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Los Angeles Times Interview

John McCain

A Conservative With Quirks, Poised for Two Ground Campaigns

April 11, 1999|Gregg Easterbrook

WASHINGTON — Whether they want to or not--and surely several would rather pass--the Republican presidential contenders must stake out positions on Kosovo. Rep. John R. Kasich of Ohio, former Vice President Dan Quayle, Sen. Robert C. Smith of New Hampshire and conservative activists Gary L. Bauer and Patrick J. Buchanan have all opposed U.S. involvement, risking criticism for breaking the unwritten rule that presidential candidates should never say anything that undercuts foreign policy. Former Tennessee Gov. Lamar Alexander, former American Red Cross head Elizabeth H. Dole and publisher Steve Forbes all have said they favor bombing. The front-runner, Texas Gov. George W. Bush, has said only that he supports U.S. troops in the field, which is not far from saying, "Damned if I'm going to commit myself one way or the other."

Then there's John S. McCain, senator from Arizona and also a probable candidate for the GOP nomination. Nothing about McCain's position is equivocal. McCain favors mobilization of North Atlantic Treaty Organization troops for Kosovo--fast, quick, now. He is the only potential candidate talking about a ground war, the one option that could directly resolve the humanitarian outrage of Serbian attacks on the defenseless.

McCain, 62, is the son and grandson of Navy admirals. He went to the Naval Academy in Annapolis, Md. and became a pilot, flying combat missions over Vietnam until he was shot down in 1967. McCain then spent five and a half years in a prisoner-of-war camp. After retiring from the Navy in 1981, he moved to Arizona, his wife, Cindy's, home, and ran for Congress in 1983. Criticized as a carpetbagger, he memorably responded that owing to his service-family upbringing, "The longest place I ever lived was in Hanoi." He won two terms as a representative, then, in 1986, easily won a Senate seat, which he has held since.

McCain's voting record on Capitol Hill has been mainly conservative, bit his views can defy categorization. He has repeatedly infuriated the GOP leadership by pushing for campaign-finance-reform legislation that would essentially ban the big-donor money most Republicans depend on. The dark spot on McCain's record is his membership in the "Keating Five," the group of senators who went to bat for convicted swindler Charles H. Keating Jr. in 1987, before his criminal activities were well-known. Since then, McCain had led an almost error-free political life.

Owing to his powerful, personal military experience, McCain's views on defense affairs receive close hearing in Washington. They have also been bringing him significant press attention in the last week, but his appearances on "Nightline" and "The Charlie Rose Show" paled before this headline over an editorial in the Des Moines Register: "McCain 1, Others 0." What makes the Des Moines Register's view so significant? The ground war of the year 2000 presidential race may be fought in Iowa.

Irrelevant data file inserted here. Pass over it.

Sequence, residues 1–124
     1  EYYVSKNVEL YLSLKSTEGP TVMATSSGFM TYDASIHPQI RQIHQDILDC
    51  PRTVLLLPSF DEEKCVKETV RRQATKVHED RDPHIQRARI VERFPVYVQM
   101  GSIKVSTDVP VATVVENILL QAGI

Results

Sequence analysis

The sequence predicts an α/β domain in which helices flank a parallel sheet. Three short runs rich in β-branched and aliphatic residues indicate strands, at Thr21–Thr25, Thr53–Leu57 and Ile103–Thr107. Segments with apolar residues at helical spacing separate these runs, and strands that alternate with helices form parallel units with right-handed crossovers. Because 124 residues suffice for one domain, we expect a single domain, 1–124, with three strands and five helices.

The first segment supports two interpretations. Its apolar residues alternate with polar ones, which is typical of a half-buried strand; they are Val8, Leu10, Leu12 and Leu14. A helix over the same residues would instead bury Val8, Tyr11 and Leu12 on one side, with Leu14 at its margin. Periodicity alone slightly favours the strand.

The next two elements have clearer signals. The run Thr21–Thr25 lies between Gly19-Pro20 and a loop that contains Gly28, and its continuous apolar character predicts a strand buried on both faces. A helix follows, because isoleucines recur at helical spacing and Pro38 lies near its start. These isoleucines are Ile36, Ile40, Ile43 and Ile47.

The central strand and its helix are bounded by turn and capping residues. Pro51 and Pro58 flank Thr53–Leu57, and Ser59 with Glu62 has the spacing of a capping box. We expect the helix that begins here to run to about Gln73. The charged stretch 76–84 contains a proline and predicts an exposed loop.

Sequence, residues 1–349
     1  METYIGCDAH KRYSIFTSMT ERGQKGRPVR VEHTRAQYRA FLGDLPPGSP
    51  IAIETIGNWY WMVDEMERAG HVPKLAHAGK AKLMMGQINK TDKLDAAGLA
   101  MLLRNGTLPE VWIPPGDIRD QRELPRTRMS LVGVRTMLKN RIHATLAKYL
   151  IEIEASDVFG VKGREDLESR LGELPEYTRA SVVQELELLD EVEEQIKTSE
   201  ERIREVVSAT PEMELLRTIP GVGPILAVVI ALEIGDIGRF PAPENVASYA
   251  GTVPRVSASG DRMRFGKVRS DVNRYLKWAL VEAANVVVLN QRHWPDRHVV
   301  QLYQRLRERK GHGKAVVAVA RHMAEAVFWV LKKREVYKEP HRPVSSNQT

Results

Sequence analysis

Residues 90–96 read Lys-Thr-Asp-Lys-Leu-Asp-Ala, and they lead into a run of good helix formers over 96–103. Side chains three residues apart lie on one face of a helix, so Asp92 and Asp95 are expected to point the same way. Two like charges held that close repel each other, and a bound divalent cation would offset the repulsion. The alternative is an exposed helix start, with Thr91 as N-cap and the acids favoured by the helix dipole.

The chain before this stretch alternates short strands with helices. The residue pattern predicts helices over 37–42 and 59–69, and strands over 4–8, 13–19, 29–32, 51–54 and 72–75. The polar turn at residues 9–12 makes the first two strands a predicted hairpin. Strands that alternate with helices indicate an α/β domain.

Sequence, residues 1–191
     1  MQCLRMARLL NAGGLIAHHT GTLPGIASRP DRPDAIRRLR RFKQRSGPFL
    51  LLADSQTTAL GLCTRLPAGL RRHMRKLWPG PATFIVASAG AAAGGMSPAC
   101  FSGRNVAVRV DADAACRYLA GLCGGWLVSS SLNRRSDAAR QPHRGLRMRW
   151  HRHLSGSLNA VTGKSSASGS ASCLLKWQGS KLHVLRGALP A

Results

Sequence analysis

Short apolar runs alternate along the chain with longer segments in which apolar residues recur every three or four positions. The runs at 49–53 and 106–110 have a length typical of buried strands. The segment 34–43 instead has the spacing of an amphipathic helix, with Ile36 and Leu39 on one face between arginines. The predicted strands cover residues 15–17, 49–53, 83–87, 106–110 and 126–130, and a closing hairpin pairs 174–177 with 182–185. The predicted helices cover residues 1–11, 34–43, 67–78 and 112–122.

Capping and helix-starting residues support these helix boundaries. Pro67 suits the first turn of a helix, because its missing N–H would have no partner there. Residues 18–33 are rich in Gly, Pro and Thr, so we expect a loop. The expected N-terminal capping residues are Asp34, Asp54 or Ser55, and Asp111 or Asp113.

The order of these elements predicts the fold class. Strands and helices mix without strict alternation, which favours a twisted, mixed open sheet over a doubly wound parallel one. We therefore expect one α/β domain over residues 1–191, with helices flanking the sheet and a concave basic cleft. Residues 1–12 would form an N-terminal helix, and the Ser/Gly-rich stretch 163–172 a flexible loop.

McCain had planned to kick off his presidential candidacy last week in New Hampshire and then at an Arizona rally replete with high-school bands and balloons. Because of Kosovo, he postponed the formal announcement. He spoke to The Times by telephone just before departing for Brussels and Aviano, Italy, with Defense Secretary William S. Cohen, his former Senate colleague, and again after his return to the U.S.

Question: You say air power will be insufficient to compel Serbia to stop killing civilians in Kosovo, and if air power is not enough, that leaves only ground war.

Answer: Ground action is what's appropriate now. You can say we never should have gotten into this situation in the first place, but we have gotten in, so we must deal with the situation as it is now. To fail at this point would not only have a tremendous humanitarian cost but would threaten the credibility of NATO and ultimately threaten the credibility of the United States itself. In Pyongyang [North Korea] and in Baghdad, they pay close attention to whether the United States follows through on its commitments. It is essential we show the world the United States does follow through.

Q: If there's a ground war, some American troops are sure to die.

A: The president should be preparing the American people for the inevitability of casualties, if there is a ground war. I am completely aware that by advocating this option, I must take responsibility, too, for whatever casualties occur.

Q: Even a successful operation would do considerable damage to Serbia, including killing Serbian civilians who do not support the ethnic-cleansing policy.

A: A ground war does not necessarily mean a full-scale invasion aimed at Gregg Easterbrook is a senior editor at the New Republic and author of "Beside Still Waters: Searching for Meaning in an Age of Doubt."

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